Menahem Ben Ari Berman
 

Born, lives and works in Jerusalem.

Graduate of Achei Tmimim Chabad Yeshiva, Tel Aviv, and of the Bezalel Academy of Art and Design, Jerusalem.
At the Academy he studied under David Gumbel and Ludwig Wolpert, acting also as their assistant. After graduation he worked together with Ludwig Wolpert for a number of years, both in instruction and creative work.
When Wolpert left Bezalel, Berman was offered his position and introduced a new and modern era in the Department of Silverware and Judaica Design, which he directed for the next ten years.
In addition Berman engaged in industrial design such as “Silver Flow”, a set of silver flatware for the prestigious European Rosenthal Studio Line. Silver Flow Flatware.

He was awarded the top prize at the international design competition for sterling silver flatware organized by the American Crafts Council sponsored by the International Silver Company, Top Prize winning design
and in graphic design such as a poster for the 25th Zionist Congress, which won first prize.
Parallel to these activities, since 1953 when he started his own studio in Jerusalem, Berman has devoted himself to Judaica with his own special approach, opening up new ways, in which many artists followed him.

His ideas are deeply rooted in Jewish tradition and its sources, and in the application of his ideas he does not allow any compromise in the perfection of the design and execution, never deviating from the ultimate function of the object. Thus, his work preserves meticulously the interaction of idea and its purpose with unfettered and advanced ways of execution.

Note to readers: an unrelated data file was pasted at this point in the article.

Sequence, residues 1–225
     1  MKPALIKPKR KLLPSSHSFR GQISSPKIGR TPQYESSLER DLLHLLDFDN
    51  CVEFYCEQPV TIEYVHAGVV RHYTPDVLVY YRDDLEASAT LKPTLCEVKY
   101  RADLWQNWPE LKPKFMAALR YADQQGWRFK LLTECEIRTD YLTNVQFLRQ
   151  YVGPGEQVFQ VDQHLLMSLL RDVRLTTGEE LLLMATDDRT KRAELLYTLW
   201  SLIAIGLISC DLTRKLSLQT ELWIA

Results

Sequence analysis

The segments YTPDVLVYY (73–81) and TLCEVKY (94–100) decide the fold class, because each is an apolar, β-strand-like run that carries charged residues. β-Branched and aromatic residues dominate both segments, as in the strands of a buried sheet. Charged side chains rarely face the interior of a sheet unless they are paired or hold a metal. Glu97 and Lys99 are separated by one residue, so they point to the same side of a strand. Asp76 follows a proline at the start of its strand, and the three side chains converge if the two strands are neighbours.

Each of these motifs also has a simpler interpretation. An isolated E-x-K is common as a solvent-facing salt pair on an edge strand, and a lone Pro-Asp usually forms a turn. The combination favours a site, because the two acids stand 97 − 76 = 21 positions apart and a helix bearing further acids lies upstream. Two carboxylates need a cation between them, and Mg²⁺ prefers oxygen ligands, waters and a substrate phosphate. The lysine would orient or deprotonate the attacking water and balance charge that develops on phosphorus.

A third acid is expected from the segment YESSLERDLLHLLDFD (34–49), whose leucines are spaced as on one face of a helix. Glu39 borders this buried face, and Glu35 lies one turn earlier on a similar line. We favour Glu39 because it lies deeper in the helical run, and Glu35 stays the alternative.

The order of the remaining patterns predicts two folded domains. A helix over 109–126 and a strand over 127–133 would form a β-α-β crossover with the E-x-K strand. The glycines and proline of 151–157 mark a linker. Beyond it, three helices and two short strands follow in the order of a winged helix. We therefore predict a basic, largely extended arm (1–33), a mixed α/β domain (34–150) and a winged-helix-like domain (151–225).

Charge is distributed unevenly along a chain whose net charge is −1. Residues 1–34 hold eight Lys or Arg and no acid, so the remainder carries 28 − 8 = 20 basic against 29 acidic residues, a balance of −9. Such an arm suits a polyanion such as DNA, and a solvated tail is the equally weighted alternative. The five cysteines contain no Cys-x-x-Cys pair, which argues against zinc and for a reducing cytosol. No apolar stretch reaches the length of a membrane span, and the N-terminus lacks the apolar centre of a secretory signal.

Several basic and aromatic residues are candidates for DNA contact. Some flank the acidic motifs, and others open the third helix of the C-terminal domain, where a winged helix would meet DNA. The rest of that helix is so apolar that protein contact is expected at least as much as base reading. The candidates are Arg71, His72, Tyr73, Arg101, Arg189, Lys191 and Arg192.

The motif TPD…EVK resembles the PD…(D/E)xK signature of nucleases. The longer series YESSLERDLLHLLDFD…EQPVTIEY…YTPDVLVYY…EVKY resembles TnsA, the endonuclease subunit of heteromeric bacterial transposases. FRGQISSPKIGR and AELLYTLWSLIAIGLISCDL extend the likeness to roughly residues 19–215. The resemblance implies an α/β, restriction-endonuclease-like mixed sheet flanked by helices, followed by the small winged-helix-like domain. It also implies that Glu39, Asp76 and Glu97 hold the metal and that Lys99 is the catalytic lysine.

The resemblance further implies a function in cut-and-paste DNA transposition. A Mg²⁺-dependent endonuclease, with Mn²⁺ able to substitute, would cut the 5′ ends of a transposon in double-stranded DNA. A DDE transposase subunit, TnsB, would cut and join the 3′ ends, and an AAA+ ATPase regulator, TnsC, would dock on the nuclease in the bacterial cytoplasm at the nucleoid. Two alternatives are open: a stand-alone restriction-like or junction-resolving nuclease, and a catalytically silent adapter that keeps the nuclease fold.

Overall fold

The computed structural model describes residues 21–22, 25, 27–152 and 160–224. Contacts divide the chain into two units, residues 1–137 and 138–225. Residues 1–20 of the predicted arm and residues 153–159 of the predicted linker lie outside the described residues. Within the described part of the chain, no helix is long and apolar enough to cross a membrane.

This was first demonstrated in the Torah Ornaments “Jacob’s Ladder”, the first Torah Crown that merged idea and function and was designed and made in a new and original manner already in 1955. Jacob’s Ladder.


An example of the use of advanced technology in the application of an idea in a massage bearing Eternal Light is “With All Thine Heart”, specially designed and made for the 1985 Nerot Mitzvah Exhibition at the Israel Museum.
It is made of six programmed laser beams that form continuously the Star of David in the rhythm of the heart bit, and is based on the idea of the copper serpent in the Wilderness as thought in the Mishnah, – Judaica linking the ancient with the modern

"With All Thine Heart"

Setting up "With All Thine Heart" in the "Nerot Mitzva" exhibition at the Israel Museum in Jerusalem. 1975

 

On Display in the Nerot Mitzvah Exhibition
at the Yeshiva University Museum in New York


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